IPMA International Project Management Association
2 July 2018 / 10:45

ISO 21511 Work breakdown structures for project and programme management published

Recently, the International Organization for Standardization (ISO) published with ISO 21511:2018 “Work breakdown structures for project and programme management” the next standard developed by ISO TC 258 Project, Programme and Portfolio Management [https://www.iso.org/committee/624837.html].

The purpose of the international standard is to provide guidance on work breakdown structure for those individuals working in project and programme management, and who are involved in developing and using a work breakdown structure. The document incorporates practices to provide benefits for project or programme planning and control, and provides guidance on work breakdown structure concepts, composition and relationships with other structures. It is applicable to any type of organization including public or private and any size of organization or sector, as well as any type of project and programme in terms of complexity, size or duration. It complements ISO 21500 and ISO 21503.

ISO 21511:2018 provides relevant terms and definitions, concepts, characteristics, benefits, uses, integration and relationships related to work breakdown structures. It does not provide guidance on the use of processes, methods or tools in the practice of developing and using a work breakdown structure. The

Annexes A and B provide examples of work breakdown structures and relationships to other breakdown structures.

The standard defines a work breakdown structure (WBS) as decomposition of the entire scope of work that should be completed in order to achieve defined project or programme objectives. It is used throughout a project or programme, to establish the framework for managing work. “Each descending level of the work breakdown structure should provide a more detailed definition of the work. Work may be product-oriented, deliverable-oriented or result-oriented; and, additionally, may be focused on project or programme phases, disciplines or locations. The entire scope of work of the project or programme should include work to be done by the project or programme management team or team members; subcontractors; and other stakeholders.”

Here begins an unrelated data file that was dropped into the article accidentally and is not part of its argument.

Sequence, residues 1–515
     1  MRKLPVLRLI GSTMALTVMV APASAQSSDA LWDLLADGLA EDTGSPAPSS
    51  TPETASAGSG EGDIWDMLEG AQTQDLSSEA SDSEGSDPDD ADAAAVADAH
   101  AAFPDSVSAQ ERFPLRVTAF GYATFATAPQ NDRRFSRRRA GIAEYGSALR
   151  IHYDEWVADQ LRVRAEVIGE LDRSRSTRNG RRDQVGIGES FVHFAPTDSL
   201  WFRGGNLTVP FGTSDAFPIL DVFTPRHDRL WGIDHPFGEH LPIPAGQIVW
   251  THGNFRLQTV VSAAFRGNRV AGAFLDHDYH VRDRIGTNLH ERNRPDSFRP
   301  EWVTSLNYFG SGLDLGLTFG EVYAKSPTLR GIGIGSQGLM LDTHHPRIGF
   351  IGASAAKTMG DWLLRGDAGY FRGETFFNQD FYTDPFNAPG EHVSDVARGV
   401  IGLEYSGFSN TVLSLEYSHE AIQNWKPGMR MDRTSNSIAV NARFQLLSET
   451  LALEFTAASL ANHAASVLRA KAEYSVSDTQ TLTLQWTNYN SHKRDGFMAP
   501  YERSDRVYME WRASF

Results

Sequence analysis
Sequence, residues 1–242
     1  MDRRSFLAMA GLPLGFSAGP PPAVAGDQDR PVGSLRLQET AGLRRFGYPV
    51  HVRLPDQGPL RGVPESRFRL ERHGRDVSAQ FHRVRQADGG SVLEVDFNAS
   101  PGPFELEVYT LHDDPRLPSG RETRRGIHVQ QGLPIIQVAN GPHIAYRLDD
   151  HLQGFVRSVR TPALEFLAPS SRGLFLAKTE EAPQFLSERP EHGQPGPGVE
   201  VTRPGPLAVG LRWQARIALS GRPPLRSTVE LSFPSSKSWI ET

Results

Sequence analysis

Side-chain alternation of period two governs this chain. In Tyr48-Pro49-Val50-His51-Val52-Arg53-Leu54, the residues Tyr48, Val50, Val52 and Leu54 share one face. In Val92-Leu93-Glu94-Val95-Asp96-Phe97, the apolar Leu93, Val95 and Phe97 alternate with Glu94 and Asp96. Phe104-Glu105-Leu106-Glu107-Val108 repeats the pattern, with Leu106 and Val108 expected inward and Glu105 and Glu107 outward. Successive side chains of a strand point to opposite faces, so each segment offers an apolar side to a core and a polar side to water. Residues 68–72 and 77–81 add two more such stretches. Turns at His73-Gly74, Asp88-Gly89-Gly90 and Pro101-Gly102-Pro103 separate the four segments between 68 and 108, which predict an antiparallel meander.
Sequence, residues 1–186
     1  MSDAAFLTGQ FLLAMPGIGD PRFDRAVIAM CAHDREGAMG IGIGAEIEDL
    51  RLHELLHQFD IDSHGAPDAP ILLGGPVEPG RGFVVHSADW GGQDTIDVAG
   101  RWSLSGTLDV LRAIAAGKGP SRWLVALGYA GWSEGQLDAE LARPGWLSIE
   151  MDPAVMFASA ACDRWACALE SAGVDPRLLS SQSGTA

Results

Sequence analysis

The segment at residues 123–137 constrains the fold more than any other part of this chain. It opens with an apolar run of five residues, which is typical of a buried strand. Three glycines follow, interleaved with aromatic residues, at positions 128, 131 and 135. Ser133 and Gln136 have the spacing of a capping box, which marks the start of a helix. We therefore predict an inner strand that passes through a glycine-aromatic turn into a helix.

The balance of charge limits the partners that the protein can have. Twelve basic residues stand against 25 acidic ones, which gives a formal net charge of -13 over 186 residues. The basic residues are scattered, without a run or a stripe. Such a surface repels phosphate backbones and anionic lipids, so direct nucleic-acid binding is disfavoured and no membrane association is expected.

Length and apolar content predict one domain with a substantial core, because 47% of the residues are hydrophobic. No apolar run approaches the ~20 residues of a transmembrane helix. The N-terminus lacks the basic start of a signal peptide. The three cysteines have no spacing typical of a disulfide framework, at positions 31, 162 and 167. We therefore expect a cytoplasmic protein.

According ISO 21511 the benefits of a work breakdown structure may include the following factors:

  1. a) segregation of a project or programme into work breakdown structure elements, and clarification of the relationship among the elements;
  2. b) estimation of work breakdown structure element costs, risks and durations;
  3. c) facilitation of planning and assignment of management and technical responsibilities;
  4. d) facilitation of tracking technical performance, durations, risks, resource allocations and costs;
  5. e) communication with stakeholders including management, customers and suppliers;
  6. f) provision of information and structure for the earned value management system;
  7. g) provision of a link to the integrated master plan and the integrated master schedule for consistency, and analysis and assessment;
  8. h) facilitation of a project budget by providing a structure for allocation;
  9. i) facilitation of configuration management of the work breakdown structure elements.

The new standard can be acquired through the ISO website: https://www.iso.org/standard/69702.html

 

Leave a Reply

Your email address will not be published. Required fields are marked *

Author of this post

Dr. Reinhard Wagner has been active for more than 35 years in the field of project-related leadership, in such diverse sectors as Automotive, Engineering, and Consultancy, as well as various not-for-profit organizations. As Managing Director of Tiba Managementberatung GmbH, a leading PM Consultancy in Munich/Germany, he supports executives of industrial clients in transforming their companies towards a project-oriented, adaptive and sustainably successful organization. He has published more than 40 books as well as several hundred articles and blog posts in the field of project management. In more than 20 years of voluntary engagement he served the German Project Management Association (GPM) as well as the IPMA in various roles and was granted for his international commitment with the Honorary Fellowship of IPMA and several of its member associations. He received his doctorate in the field of projectification of society and continues to be active in it through his research and lectures.

CATEGORIES

TOPICS OF INTEREST